Climate change concerns amongst South Africans remain high
77% of South Africans state that they are concerned about Climate Change compared to a global average of 69%.
BRYANSTON – Climate change. Global warming. Greenhouse effect. Whatever the terms used, over the past few years the world has become used to hearing about it on a regular basis Environmentally conscious consumers – no longer the small niche market it once was – are using their spending power to support earth-friendly products, whilst companies and governments around the globe have received the message loud and clear.
To understand more about this hot issue, global market research firm Synovate examined people’s attitudes towards climate change and the issues surrounding it in a recent global research study. The study, conducted with over 13,000 people in 18 countries, also addressed the responsibilities and roles of media in combating this global concern. This is the third global climate change research study that Synovate has conducted since 2007.
The study reveals that the world’s population remains as concerned as ever about the effects of climate change. Across all countries surveyed in the three rounds of research conducted by Synovate, 30% of people in 2010 and 2008 said they were ‘very concerned’ about climate change, versus 29% in 2007. 48% of South Africans stated that they were “very concerned” and 29% stated they were “somewhat concerned.”
Interestingly, there was an increase in the percentage of people who aren’t concerned about climate change at all because they believe it’s just part of a natural cycle of events. Nine percent of those surveyed this year compared to 4% in 2008 are not worried, no doubt at least partially influenced by the several groups who have questioned the validity of the concerns around climate change over the past year. This figure is at 9% in South Africa.
Steve Garton, global head of media research at Synovate, said: “The issue of climate change has continued its rough ride since our last climate change survey in 2008. Global conferences that have been organised to tackle the challenges have struggled to reach a meaningful consensus whilst the underlying science has been questioned by some. At the very least, the most important beliefs of the impacts relating to climate change have not been made simple and clear enough to people around the world.”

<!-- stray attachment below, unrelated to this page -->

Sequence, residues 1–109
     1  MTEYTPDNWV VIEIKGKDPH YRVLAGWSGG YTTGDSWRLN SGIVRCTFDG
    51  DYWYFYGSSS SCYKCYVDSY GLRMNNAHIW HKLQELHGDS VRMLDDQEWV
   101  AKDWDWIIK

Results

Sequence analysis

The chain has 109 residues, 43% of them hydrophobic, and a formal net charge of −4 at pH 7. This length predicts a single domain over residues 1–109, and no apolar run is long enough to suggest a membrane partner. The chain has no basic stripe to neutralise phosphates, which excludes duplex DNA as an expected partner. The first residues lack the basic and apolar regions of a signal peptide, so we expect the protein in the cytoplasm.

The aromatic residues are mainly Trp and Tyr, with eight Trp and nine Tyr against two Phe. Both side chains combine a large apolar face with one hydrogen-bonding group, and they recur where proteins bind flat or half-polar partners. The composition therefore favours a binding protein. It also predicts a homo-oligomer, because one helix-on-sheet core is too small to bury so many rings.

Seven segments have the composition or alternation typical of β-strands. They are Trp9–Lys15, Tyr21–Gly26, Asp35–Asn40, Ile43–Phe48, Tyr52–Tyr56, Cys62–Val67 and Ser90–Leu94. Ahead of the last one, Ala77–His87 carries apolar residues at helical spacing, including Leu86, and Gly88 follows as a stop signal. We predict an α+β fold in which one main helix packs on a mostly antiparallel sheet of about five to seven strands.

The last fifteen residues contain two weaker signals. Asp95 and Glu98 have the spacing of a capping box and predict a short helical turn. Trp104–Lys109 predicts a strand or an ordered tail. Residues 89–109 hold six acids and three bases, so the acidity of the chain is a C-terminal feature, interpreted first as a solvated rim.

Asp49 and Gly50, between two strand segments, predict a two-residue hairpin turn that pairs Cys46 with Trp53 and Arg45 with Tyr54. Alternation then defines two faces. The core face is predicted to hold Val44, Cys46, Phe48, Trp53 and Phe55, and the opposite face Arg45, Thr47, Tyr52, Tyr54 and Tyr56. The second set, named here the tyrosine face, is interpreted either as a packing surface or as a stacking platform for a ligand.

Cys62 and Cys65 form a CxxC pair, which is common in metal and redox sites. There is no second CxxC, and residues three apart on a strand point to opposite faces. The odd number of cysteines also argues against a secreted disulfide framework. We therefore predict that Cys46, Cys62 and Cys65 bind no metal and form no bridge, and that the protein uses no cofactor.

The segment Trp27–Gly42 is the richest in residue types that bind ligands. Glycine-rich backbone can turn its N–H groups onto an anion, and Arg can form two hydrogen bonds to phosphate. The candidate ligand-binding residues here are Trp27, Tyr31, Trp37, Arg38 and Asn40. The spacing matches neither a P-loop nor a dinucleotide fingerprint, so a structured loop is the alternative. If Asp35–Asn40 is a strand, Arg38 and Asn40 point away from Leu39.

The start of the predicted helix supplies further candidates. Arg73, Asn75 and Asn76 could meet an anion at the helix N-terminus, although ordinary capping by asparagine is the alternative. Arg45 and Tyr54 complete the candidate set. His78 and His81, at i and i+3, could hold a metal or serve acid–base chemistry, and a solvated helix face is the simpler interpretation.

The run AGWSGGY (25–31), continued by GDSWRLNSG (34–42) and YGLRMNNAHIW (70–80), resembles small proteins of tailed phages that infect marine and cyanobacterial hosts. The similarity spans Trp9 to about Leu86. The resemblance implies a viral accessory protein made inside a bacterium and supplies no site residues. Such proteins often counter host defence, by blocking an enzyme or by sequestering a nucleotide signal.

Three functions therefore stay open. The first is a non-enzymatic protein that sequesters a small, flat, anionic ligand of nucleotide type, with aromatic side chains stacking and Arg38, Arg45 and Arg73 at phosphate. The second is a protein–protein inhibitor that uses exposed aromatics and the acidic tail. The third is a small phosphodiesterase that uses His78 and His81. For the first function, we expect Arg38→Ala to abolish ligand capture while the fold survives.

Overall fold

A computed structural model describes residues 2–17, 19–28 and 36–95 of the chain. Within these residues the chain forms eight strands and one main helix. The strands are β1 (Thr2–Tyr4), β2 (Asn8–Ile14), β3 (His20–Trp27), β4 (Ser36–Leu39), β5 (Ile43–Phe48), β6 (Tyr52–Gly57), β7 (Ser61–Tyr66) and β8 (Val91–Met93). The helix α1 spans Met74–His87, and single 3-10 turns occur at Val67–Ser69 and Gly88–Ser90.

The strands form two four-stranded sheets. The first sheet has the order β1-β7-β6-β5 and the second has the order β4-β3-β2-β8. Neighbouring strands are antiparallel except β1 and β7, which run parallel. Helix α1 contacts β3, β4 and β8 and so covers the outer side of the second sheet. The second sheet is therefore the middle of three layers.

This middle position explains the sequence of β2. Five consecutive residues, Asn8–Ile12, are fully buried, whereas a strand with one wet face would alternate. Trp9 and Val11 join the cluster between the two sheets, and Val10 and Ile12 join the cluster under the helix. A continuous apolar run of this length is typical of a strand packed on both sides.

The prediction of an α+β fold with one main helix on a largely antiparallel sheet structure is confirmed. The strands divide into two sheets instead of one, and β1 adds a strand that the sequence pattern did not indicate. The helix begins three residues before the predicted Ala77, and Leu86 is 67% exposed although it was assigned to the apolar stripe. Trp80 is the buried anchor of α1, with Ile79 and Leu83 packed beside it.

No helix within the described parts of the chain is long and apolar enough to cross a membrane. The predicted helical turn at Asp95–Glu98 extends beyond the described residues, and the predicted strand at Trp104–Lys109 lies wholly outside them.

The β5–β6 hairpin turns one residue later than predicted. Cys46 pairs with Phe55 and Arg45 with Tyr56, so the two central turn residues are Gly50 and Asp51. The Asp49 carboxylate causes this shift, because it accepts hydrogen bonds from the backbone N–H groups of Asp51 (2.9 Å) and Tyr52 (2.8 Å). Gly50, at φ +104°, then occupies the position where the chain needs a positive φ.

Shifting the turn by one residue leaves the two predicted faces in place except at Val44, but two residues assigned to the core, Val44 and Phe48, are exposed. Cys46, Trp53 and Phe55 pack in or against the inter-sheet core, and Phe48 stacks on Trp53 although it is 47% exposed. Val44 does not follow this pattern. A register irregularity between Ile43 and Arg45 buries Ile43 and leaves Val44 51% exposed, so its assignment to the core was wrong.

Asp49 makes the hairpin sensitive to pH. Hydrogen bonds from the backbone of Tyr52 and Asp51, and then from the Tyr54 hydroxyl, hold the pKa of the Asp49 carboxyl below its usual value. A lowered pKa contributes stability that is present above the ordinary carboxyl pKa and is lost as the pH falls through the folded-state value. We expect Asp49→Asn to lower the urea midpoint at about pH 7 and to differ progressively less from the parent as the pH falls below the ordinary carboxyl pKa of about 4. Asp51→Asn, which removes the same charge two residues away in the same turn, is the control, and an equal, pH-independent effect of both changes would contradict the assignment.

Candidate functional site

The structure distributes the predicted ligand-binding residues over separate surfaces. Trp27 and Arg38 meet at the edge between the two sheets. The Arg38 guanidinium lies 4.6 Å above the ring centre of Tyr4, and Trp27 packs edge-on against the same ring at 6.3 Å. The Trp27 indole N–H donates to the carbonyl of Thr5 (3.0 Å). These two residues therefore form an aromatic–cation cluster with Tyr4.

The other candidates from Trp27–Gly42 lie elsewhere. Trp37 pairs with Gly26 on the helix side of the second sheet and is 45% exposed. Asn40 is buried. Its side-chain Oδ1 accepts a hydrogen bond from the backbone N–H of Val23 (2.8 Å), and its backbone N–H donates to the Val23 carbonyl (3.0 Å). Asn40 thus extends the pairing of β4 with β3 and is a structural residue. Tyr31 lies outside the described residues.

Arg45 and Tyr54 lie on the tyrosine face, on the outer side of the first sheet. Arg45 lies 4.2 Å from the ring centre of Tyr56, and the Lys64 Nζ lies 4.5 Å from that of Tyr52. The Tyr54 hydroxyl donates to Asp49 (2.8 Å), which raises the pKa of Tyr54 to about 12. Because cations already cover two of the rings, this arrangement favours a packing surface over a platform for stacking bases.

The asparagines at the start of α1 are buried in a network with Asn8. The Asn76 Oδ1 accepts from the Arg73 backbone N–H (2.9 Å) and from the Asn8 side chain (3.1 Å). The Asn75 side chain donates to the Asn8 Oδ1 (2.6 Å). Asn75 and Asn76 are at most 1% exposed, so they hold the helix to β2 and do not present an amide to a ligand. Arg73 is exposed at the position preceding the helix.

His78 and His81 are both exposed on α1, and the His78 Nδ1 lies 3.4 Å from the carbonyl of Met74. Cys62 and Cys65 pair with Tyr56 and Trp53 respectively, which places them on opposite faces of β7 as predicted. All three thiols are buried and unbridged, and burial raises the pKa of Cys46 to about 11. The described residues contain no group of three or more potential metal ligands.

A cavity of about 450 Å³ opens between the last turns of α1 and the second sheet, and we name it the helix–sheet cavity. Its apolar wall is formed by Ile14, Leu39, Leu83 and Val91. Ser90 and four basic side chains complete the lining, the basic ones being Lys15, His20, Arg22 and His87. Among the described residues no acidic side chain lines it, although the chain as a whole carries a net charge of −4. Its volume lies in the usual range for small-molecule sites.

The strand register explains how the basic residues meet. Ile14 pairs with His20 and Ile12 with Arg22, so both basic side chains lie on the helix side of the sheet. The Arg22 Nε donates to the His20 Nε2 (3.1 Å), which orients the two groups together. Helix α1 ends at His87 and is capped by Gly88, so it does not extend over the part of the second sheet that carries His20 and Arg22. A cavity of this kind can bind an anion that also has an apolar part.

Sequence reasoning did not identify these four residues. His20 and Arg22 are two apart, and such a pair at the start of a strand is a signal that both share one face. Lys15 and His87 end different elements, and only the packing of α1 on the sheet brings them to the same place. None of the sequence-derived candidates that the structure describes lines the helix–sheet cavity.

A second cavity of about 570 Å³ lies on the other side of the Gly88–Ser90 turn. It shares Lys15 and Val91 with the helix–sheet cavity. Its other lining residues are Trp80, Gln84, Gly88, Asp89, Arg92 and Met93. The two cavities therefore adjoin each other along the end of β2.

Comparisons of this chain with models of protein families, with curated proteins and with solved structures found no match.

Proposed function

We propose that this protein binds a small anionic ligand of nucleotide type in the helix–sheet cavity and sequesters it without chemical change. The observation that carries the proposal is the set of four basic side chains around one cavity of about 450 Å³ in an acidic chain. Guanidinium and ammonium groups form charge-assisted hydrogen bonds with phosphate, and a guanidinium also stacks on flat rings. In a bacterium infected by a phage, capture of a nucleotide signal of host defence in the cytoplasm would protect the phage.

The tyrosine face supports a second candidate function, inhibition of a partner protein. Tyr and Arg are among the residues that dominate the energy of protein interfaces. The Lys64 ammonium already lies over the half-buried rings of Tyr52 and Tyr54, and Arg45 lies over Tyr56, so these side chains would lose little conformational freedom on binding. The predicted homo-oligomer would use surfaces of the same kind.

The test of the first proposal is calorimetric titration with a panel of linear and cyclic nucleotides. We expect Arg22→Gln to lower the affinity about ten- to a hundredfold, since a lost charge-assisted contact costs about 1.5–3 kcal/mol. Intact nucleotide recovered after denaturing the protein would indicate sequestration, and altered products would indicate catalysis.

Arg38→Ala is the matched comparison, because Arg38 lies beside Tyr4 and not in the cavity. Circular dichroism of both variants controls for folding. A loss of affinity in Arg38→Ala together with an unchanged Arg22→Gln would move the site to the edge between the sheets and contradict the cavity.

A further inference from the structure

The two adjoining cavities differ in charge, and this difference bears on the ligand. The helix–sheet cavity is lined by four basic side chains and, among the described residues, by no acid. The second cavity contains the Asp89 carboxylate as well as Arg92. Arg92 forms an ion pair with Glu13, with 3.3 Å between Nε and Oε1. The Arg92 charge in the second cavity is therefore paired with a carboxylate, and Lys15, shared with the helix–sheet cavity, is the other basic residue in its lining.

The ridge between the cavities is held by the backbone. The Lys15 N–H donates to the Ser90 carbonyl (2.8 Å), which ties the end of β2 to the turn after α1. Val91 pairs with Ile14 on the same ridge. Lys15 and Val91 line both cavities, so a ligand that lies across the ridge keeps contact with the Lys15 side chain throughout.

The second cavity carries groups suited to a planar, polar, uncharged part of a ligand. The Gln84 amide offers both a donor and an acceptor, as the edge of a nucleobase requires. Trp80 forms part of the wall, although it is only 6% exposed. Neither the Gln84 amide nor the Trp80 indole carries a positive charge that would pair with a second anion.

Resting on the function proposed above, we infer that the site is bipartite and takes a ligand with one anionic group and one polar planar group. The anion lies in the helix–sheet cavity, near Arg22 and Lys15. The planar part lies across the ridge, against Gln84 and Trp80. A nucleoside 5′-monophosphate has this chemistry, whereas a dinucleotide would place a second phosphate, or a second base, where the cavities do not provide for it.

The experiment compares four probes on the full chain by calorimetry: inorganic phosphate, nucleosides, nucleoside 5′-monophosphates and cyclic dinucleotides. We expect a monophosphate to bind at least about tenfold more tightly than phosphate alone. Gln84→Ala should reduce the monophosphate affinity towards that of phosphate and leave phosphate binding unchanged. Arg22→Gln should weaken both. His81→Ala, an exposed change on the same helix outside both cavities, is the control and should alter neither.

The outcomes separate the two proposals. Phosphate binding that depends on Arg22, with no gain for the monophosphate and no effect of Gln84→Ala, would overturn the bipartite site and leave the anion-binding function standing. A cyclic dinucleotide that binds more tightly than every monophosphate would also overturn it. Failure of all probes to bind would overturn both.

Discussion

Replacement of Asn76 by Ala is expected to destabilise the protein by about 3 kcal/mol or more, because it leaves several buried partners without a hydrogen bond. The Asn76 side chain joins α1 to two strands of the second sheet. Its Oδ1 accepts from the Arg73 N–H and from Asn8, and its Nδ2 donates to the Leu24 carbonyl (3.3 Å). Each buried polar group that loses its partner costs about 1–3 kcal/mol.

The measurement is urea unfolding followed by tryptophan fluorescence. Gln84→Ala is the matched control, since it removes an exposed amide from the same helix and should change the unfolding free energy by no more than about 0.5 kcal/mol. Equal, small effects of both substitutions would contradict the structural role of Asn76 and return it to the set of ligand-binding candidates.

In the latest survey, countries with the highest number of people reporting they are ‘very concerned’ about climate change include Colombia (69%), Ecuador (59%), and China (58%, which is more than double the 26% of Chinese who were very concerned in 2007).
Corporate social responsibility
The vast majority of those surveyed (88%) feel that companies have a responsibility to help reduce climate change. This was highest in China (98%) and France (94%).
In response to how they should do this, the top answer was ‘save energy and reduce waste’ (70%) followed by ‘ensure materials are green and ethically sourced’ (58%).
Garton said: “Companies around the world have been told by consumers (and their wallets) over the past few years to examine how they can become more efficient whilst also ensuring the goods they produce are healthy for the individual and the planet.”
Eighty-three percent of South Africans believe that companies have a responsibility to ensure they help to reduce climate change effects and 74% believe that the way to do this is by investing in green technology.
Richard Rice, Group Sales and Marketing Director, states that “In South Africa, we are now seeing some action from government and businesses in South Africa to address the issue of climate change. There have been recent reports of green legislation entering the business economy and experts are expecting government to implement a carbon tax which is feared to have a detrimental effect on South African business. However, South African businesses are aware of the urgent need to address the climate change policies and argue for new thinking to fundamentally transform the economy into a green one.”
Where’s the blame?
Twenty-eight percent of people globally believe that the main factors causing climate change are those caused by human (waste, population increases, electricity, etc). This figure is fairly consistent with the 27% who said the same in 2008. In South Africa, the majority believe the main factor in climate change is industrialisation (25%), while 18% maintain that the blame lies in human causes and 21% place the blame on pollution.